ERIC Number: ED330542
Record Type: Non-Journal
Publication Date: 1991-Apr
Reference Count: N/A
Rural Adolescent Health Risk Behaviors: Age, Gender, and Ethnic Differences.
Salzman, Stephanie A.; Girvan, James T.
A survey of health risk behaviors was administered to a representative sample of 7,776 Idaho students in grades 8-12. Respondents were 86% White, 6% Hispanic, 4% American Indian, 3% Asian, and 2% Black. These rural adolescents reported that they had engaged in some health risk behaviors at rates comparable to those of other U.S. adolescents: 57% had smoked cigarettes; 37% had sampled chewing tobacco or snuff; and 33% had had five or more drinks at least once in the past month. Over 25% had had serious suicidal thoughts in the past year. However, drug-related risk behaviors were comparatively lower among rural youth, with 86% stating they had never used illicit drugs of any kind. Few respondents engaged in regular exercise. Adolescents who engaged in one risk behavior were more likely to engage in others and less likely to practice wellness behaviors. American Indian and Hispanic teenagers reported significantly higher rates of alcohol and drug use than Whites or Asians. Non-Whites had higher rates of suicidal thought than Whites, while Whites were more likely to have used diet pills and smokeless tobacco. Males were more likely than females to engage in risk taking and experimentation with cars and motorcycles, alcohol, and drugs, while females were more likely to report behaviors associated with eating disorders. This paper contains responses to survey items and statistics for the total sample and break-down data by gender, ethnicity, and age. (SV)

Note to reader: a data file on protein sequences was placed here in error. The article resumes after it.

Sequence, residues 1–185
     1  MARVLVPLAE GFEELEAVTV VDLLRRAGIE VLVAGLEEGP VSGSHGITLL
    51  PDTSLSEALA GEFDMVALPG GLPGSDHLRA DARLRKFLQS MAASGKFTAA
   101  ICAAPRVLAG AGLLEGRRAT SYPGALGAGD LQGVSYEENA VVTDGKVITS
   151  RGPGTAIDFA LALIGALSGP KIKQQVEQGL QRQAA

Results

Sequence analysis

Publication Type: Reports - Research; Numerical/Quantitative Data; Speeches/Meeting Papers
Education Level: N/A
Sponsor: Centers for Disease Control (DHHS/PHS), Atlanta, GA.
Authoring Institution: N/A
Identifiers - Location: Idaho